The process of getting to an app’s assets is well documented, and rather trivial. So, after opening up iMusic Player and taking a look, it was confirmation that all the images I used in the app have been copied (I have the original photoshop files that were used to create the assets).

Sound bites? Yep, they were copied too. Only one sound, but that means 100% of the audio was stolen.

Copy? You betcha. Comparing the app store description of the two apps, there is one line that I recognized immediately (because I wrote it): “Multiple colour themes for the fashion conscious.”

So what now? Well, I am not the first developer to have their work copied, and I definitely wont be the last. For me, its off to Apple to file a dispute, then back to Xcode to add more features.


Updating Flurry for iOS7 – Quickly

So, you just got spammed a whole lot of emails from Flurry, urging you to upgrade to the latest SDK (Flurry 4.3.2). Well, you can go and download it from dev.flurry.com, unzip, and be greeted with 3 PDF’s to wade through. Here is the tl;dr

  1. Download the SDK
  2. Delete the existing Flurry files in your XCode project (the libs are now named differently)
  3. Copy the files in the Flurry folder to your project
  4. Optional: Copy the files in the FlurryAds folder to your project
  5. Add Security.framework to your project (Build Phases > Link Binary With Libraries)
  6. Optional: If using Flurry ads, also add AdSupport.framework to your project

That’s it. You may want to test it 🙂

How to publish a book on iTunes

So you want to get your book onto Apple’s iBook store? Here are some (very) brief instructions.

1. Create an iTunes Account


2. Create an iTunes Connect Account


3. Download and Install iTunes Producer

4. Create your eBook in Pages

5. Export your eBook as EPUB format

If you need an ISBN, get a cheap one at www.epubbud.com

6. Upload your eBook to iBooks


MEGA Post Mortem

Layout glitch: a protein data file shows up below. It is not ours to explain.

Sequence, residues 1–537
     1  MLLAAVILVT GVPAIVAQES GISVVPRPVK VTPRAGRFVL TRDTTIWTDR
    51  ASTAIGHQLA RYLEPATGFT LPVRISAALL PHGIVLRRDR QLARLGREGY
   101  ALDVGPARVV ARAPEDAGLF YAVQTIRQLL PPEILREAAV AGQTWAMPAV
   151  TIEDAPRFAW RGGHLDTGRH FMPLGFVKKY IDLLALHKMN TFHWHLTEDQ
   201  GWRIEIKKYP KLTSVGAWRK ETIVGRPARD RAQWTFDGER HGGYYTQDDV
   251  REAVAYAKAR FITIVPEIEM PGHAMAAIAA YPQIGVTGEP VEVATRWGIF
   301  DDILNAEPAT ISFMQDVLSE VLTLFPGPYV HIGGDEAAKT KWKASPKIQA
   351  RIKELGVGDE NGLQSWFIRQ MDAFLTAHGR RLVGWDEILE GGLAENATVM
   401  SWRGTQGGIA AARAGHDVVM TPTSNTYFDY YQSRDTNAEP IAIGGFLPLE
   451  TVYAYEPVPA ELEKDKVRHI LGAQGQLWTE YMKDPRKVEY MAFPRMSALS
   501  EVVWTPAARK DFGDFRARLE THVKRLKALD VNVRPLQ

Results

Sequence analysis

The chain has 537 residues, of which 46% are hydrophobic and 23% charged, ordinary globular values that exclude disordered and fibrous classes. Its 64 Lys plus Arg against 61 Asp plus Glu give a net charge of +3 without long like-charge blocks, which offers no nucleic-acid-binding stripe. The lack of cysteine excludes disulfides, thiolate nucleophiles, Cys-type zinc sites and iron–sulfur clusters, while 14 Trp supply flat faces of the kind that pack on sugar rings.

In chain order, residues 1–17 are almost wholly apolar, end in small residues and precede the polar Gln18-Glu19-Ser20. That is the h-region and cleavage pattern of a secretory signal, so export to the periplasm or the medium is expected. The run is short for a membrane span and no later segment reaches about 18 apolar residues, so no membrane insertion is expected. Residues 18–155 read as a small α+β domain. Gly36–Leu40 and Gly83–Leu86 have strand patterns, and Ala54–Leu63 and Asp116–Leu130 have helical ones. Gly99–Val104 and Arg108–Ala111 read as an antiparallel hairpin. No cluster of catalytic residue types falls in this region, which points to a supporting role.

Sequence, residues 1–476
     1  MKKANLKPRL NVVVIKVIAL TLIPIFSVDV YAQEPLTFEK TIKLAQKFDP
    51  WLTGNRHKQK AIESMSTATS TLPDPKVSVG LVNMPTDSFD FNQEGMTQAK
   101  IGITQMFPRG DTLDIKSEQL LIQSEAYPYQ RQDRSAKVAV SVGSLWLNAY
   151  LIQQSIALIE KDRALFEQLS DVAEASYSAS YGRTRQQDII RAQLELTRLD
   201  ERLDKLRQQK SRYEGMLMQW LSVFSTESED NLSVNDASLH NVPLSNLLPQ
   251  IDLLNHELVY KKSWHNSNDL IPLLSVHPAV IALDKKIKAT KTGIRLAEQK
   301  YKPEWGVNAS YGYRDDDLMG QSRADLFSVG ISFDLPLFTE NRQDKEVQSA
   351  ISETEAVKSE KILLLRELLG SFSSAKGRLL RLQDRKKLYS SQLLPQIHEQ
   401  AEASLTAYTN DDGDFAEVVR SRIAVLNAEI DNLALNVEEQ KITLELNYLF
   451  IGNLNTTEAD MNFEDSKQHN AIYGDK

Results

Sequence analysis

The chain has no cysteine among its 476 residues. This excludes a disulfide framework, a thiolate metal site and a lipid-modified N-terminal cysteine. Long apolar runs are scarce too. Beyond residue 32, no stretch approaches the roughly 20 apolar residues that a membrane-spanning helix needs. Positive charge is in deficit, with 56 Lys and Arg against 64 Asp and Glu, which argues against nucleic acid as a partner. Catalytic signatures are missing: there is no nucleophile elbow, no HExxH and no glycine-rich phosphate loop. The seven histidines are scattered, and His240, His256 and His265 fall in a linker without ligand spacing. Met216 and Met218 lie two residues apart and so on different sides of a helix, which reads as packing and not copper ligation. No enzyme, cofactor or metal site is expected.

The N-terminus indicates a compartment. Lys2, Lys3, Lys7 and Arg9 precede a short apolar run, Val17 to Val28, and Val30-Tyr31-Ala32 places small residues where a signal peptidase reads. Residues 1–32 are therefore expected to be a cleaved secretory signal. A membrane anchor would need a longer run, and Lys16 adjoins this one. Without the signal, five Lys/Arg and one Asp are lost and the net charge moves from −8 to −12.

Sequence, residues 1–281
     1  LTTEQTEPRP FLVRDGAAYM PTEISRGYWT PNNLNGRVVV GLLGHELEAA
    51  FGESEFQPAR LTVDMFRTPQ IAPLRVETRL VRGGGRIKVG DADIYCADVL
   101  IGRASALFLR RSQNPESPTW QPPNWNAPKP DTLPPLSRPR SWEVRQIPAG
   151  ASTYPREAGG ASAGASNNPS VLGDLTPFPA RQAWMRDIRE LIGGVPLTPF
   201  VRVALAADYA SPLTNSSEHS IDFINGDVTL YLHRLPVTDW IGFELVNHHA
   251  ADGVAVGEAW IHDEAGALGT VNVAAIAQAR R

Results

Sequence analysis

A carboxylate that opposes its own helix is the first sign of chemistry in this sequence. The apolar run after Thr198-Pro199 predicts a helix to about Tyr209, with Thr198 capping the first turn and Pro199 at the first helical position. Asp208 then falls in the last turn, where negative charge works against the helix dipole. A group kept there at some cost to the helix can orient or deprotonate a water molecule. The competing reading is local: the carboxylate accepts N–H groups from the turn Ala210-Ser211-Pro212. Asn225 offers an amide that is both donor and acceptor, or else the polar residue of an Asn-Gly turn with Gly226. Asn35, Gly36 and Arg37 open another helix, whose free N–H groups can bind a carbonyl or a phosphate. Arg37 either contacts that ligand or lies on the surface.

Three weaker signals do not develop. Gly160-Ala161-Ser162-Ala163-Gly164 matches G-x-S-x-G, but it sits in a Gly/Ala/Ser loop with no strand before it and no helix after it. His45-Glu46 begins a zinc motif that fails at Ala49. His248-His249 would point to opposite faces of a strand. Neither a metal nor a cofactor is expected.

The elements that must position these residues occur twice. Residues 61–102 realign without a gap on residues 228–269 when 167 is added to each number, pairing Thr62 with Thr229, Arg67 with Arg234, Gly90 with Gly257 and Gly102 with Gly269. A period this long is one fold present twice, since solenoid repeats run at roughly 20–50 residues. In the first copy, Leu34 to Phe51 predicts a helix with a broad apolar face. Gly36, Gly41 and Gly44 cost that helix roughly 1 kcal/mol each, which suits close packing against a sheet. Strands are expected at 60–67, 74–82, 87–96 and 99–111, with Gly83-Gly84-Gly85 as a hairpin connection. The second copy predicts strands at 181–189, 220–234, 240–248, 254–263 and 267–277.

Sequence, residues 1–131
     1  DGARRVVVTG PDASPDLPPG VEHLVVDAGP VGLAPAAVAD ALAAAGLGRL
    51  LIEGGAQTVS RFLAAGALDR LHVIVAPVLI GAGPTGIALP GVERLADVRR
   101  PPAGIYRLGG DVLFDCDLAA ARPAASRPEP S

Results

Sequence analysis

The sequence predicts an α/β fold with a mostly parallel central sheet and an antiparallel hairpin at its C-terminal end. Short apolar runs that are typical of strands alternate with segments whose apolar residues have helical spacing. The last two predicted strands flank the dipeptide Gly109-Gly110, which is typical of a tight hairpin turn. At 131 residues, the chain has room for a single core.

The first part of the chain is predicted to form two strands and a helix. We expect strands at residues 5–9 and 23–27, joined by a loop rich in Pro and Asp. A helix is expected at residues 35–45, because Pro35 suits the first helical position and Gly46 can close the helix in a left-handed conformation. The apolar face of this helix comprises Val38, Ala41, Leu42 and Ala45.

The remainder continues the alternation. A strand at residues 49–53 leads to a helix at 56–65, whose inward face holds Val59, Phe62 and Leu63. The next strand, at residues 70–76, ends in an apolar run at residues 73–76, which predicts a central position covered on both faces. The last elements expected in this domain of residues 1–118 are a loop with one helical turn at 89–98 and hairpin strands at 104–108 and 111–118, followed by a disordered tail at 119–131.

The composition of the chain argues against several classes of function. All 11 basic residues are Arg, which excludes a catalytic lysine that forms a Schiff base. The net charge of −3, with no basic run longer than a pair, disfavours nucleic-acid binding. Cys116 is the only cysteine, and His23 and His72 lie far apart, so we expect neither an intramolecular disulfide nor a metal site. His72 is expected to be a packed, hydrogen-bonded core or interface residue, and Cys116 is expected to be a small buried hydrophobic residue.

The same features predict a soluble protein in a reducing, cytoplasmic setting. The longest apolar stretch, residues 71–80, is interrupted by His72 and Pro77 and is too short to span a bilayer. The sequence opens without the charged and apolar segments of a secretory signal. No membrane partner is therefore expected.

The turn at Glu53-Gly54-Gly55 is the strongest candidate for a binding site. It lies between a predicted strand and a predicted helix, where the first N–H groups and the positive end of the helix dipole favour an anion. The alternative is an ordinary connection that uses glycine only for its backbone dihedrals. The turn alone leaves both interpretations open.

So its finally over. Pitch pitched. MEGA 2012 complete. It feels reminiscent of school/uni when exams are over and the holidays are finally here.

For a little background, MEGA is a digital entrepreneurship masterclass where the challenge is to perform the best pitch and business proposal for a digital based idea. Over 20 weeks the competitors are taught and tutored in the art of pitching and startups, culminating in pitch day.

How did it go? Well, good I suppose. Only got positive feedback, but didn’t really expect any negative comments! No awards were won, but as NextFaze was a sponsor, it wouldn’t have been kosher. Zen said we would have won the award for funniest pitch – if it existed.

Feedback from the pitch panel (aka the dragons) was directed at lacking financials, and not showing a concrete product – we showed a screenshot of a Facebook page and a iPhone running Frappe, but not of the step in-between (the admin console). Overall, it was all constructive.

Big ups to Little Birdy for winning best pitch – well deserved, and also to City Sous Chef, for taking out the peer award – let the good times roll!

Thanks to Peta Pash for her always positive attitude throughout the course, and to David and Leila for their training and encouragement. Thanks also to Derek for getting us involved in this whole mess in the first place, and of course Andreas, for his unique style and polished sarcasm!